WOLA: Advocacy for Human Rights in the Americas
30 Jan 2014 | Video

Conference: Perspectives on Colombia’s Peace Process and Opportunities for U.S. Engagement

Panel 1: The State of the Colombia-FARC Peace Talks

Fifteen months after the formal start of talks, the Colombian government and FARC guerrillas are now negotiating the third of six agenda items. Meanwhile, the country is entering an election campaign season in which peace is a principal issue. Do we have reason to be optimistic that an accord will be reached in a timely fashion? What obstacles remain to be dealt with? What are some of the principal arguments of the dialogues’ opponents? Is the United States playing an appropriate role as talks proceed? Are there any ways in which the U.S. government could be playing a more constructive role?

Adam Isacson, Senior Associate, WOLA

Ariel Ávila, Fundación Paz y Reconciliación
Virginia Bouvier, U.S. Institute of Peace
Senator Juan Fernando Cristo, President, Senate of Colombia

Panel 2: Afro-Colombian, Indigenous, and Civil Society Perspectives on Peace

Most of the conflict’s victims are women, Afro-Colombian, or indigenous, but these groups are underrepresented among the negotiators in Havana. Colombia has a vibrant organized civil society. How are principal representatives of these sectors viewing the talks? What is their critique, and what do they recommend? Do they have recommendations for the United States?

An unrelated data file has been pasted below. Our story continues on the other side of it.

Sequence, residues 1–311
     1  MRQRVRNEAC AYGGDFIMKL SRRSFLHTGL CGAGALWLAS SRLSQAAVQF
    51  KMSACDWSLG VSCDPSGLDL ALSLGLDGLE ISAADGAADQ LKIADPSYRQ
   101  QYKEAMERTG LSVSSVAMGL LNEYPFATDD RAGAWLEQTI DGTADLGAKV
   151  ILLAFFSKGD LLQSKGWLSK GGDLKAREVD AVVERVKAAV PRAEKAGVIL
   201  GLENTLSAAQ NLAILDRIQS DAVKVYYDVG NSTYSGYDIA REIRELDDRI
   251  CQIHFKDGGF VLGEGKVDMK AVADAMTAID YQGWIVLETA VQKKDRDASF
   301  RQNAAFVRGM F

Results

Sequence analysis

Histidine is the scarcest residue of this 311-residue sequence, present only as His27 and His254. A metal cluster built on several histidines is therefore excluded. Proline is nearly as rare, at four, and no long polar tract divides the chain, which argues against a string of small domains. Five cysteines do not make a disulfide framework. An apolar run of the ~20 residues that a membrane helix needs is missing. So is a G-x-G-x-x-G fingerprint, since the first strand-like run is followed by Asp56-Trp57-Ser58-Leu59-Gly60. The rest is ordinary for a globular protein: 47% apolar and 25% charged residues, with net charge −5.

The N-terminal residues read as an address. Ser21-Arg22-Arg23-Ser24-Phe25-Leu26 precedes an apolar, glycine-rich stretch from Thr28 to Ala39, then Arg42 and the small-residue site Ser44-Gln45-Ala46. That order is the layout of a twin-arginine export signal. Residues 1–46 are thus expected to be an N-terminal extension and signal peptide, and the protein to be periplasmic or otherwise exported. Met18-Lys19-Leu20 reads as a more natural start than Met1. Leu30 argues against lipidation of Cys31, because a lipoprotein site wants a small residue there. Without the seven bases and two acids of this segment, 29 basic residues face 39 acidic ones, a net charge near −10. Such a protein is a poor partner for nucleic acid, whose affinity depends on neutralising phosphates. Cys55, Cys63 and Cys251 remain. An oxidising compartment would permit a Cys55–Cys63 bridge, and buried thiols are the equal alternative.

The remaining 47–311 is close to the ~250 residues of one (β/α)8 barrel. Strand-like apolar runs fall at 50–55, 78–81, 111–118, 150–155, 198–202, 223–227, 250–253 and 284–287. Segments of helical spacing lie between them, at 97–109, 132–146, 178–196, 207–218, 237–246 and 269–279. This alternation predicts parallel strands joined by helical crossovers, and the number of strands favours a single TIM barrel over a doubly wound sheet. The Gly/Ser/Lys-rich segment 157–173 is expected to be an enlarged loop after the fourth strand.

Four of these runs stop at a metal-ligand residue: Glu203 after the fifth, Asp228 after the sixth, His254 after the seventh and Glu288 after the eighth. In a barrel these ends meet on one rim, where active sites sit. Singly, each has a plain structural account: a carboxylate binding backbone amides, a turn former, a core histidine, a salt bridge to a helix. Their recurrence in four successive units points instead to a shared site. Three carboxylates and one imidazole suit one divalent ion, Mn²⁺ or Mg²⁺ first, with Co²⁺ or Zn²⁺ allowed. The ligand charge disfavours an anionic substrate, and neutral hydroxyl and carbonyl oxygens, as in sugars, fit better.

Gimena Sanchez, Senior Associate, WOLA

Marino Córdoba, National Association of DIsplaced Afro-Colombians (AFRODES)
Danilo Rueda,  Inter-Church Commission for Justice and Peace (CIJP)
Yamile Salinas, Institute for Peace and Development Studies (INDEPAZ)

Panel 3:The U.S. Role in Consolidating Peace

If Colombia reaches a peace accord, a new set of challenges will emerge. How can the United States, by far the largest donor nation to Colombia, help the country to meet these challenges? How should assistance be reoriented in the post-conflict? How should U.S. political engagement be reoriented in the post-conflict? What types of assistance or engagement would be most appropriate for U.S. agencies to provide? How should U.S. agencies and legislators be preparing today for this reorientation?

Joy Olson, Executive Director, WOLA

Rep. Iván Cepeda, Congress of the Republic of Colombia
Fr. Francisco de Roux, Jesuit provincial in Colombia
Rodrigo Uprimny, The Center for the Study of Law, Justice and Society (Dejusticia)